Dr. David W. Tonkyn
New developments from our lab
Christie Sampson published two stories in Exposure, our graduate students' online magazine, about her work on mitigating human-elephant conflict in Myanmar, and her appointment with Jenifer Bunty as Emerging Scholars on a joint US-Russia project to mitigate human conflict with large carnivores, for which David Tonkyn is Co-Vice Chair. https://cafls-grad-research.exposure.co/
Carrie Well's phlyogenetics paper has now been published in Conservation Genetics and can be viewed at http://link.springer.com/article/10.1007%2Fs10592-014-0694-9
A former graduate student Isaac Park and David Tonkyn published a laboratory excercise, "How many species are there? Determining species richness" in Teaching Issues and Experiments in Ecology. This was developed for our general ecology lab, and refined over the years.
Christie Sampson spent three weeks tracking, capturing and attaching satellite-GPS collars to four wild Asian elephants near a remote village in Myanmar that experiences severe crop losses to elephants and both human and elephant deaths. This collaborative effort between Clemson, the Smithsonian Institution and the Myanmar government will study the movements of elephants before, during, and after conflicts with humans, and monitor mitigation strategies over the next few years. goal is to help humans and elephants coexist in one of the last wild places on earth.
Another paper from Carrie Wells' dissertation has just been accepted for publication. The paper is, "The phylogenetic history of the threatened Diana fritillary, Speyeria diana (Lepidoptera: Nymphalidae), with implications for conservation" by CN Wells, PB Marko and DW Tonkyn, and it will be published in the journal, Conservation Genetics.
I taught another class on Rocky Mountain Field Ecology which included, for the first time, visiting the Charles M. Russell National Wildlife Refuge where we had lunch in a prairie dog colony then discovered up close the difficulty of driving on (greasy) gumbo roads, and the vast distances between ranch houses in eastern Montana. We hiked extensively in Yellowstone National Park and visted he Beartooth Plateau, Grand Teton National Park, Gros Ventre River, and many other wonderful places.
David Tonkyn accompanied 6 students from the CU Tigers for Tigers Club to the Second Annual T4T Coalition Summit, held at the University of Missouri. It was well organized and attended, with twice as many schools and students as the first Summit which we organized last April, and with new speakers and committments from all. Ria Landreth and her team from the Mizzou T4T did an outstanding job. See a TV report at http://www.komu.com/videoplayer/?video_id=22809&categories=5 .
Christie Sampson and David Tonkyn attended the Eurasia Foundation's Protection of Flora and Fauna Working Group session in Jackson, WY, where we met with US and Russian colleagues and finalized plans to compare selected protected areas in both countries.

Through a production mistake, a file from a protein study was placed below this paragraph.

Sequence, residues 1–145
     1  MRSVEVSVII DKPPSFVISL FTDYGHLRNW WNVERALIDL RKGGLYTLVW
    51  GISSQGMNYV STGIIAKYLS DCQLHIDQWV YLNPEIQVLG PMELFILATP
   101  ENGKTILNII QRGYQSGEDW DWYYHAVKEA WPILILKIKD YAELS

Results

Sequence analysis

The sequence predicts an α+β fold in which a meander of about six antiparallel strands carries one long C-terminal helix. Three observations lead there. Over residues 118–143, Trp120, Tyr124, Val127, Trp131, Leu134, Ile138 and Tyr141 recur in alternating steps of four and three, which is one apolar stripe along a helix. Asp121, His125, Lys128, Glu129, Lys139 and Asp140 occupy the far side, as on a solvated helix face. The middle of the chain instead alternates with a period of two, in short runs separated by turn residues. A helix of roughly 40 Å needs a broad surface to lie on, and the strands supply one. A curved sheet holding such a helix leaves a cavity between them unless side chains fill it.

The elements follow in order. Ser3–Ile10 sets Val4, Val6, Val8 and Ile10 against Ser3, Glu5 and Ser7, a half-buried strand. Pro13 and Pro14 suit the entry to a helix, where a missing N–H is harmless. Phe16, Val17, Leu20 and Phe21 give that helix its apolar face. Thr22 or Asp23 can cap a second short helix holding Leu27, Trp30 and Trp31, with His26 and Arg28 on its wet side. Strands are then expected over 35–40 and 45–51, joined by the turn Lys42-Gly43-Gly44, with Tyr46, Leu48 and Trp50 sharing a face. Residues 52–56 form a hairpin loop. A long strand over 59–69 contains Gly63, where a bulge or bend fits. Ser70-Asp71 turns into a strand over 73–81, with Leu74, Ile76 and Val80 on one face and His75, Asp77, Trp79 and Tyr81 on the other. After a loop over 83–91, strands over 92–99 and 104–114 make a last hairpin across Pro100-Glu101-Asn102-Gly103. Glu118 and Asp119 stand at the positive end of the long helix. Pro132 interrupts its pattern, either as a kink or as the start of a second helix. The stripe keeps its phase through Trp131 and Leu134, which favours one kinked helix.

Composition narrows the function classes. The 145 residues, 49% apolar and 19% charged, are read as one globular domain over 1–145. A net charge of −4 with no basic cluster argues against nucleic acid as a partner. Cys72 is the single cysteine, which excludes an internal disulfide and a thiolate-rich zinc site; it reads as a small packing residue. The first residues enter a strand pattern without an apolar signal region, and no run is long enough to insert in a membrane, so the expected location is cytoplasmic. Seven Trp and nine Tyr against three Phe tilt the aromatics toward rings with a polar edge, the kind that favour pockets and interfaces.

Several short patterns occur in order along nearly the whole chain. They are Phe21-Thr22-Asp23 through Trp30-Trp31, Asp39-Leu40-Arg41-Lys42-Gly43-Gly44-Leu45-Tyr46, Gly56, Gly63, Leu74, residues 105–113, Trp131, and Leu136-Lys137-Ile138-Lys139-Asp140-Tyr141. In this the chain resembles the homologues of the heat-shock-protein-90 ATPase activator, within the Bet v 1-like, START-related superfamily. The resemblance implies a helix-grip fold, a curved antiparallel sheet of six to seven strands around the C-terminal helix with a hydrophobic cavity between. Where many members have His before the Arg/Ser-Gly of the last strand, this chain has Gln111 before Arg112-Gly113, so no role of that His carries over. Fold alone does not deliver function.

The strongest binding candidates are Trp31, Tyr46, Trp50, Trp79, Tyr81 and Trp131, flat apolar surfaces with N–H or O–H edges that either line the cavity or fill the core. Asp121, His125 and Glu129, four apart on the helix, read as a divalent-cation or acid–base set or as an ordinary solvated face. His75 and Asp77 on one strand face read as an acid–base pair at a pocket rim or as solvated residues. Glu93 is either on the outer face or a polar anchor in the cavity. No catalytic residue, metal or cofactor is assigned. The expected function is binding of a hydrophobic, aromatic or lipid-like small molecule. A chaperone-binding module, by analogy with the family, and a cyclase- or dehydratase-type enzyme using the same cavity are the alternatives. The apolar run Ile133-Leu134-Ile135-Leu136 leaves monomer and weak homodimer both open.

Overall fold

David Tonkyn took 10 Clemson students to India over spring break to see Kanha and Pench Tiger Reserves, Keoladeo National Park, and cultural wonders such as the Grand Mosque and Taj Mahal. This was our 10th trip to India with students, and every traveler has seen a wild tiger!
Carrie Wells was offered the position of Lecturer in Biological Sciences at the University of North Carolina at Charlotte. Congratulations Carrie!
Jenifer Morton headed to the Russian Far East to become the first Clemson student to study tigers in the wild. She is working with a WCS team led by Dr. Dale Miquelle to compare tracking versus camera trapping as ways to measure prey density. Here she is tracking three tigers, a mother named Varvarra with two, nearly full grown cubs.
Our paper, "A Hierarchical Approach to Designing Compact Ecological Reserve Systems", by Lakmali Weerasena, Douglas Shier, and David Tonkyn was published online by Environmental Modeling and Assessment. Available on request or at
Christie Sampson received her MS degree in BIological Sciences in part for her thesis, Conserving the land of the giants: Critical threats to Asian elephant habitat in Sri Lankan protected areas." She immediately entered the PhD program, and will now study elephant habitat use and human-elephant conflict in Myanmar.
Our paper, Range collapse in the Diana fritillary, Speyeria diana (Nymphalidae), by Carrie N. Wells and David W. Tonkyn was published online by Insect Conservation and Diversity. Available on request or at
Christie Sampson and David Tonkyn were 2 of 5 Americans to join an equal number of Russians on the Protection of Flora and Fauna Working Group, part of the Eurasia Foundation’s US-Russia Social Expertise Exchange program (SEE). We met in Washington, DC and created a plan for a comparative analysis of the ecosystem values of the Lake Baikal and Greater Yellowstone Ecosystems. SEE will hire Emerging and Senior Scholars from both countries to conduct the analysis.
David Tonkyn served for the past two years on a Presidential task force to create a "transformational" change to the undergraduate curriculum. We decided to institute the intentional teaching of critical thinking skills in sophomore-level seminar courses that would be writing- and discussion-intensive. Our students graduate above average in critical thinking skills but then they arrive as freshmen with above average skills. CT courses are now available in a range of general education and major courses, and the students and courses will be monitored for progress.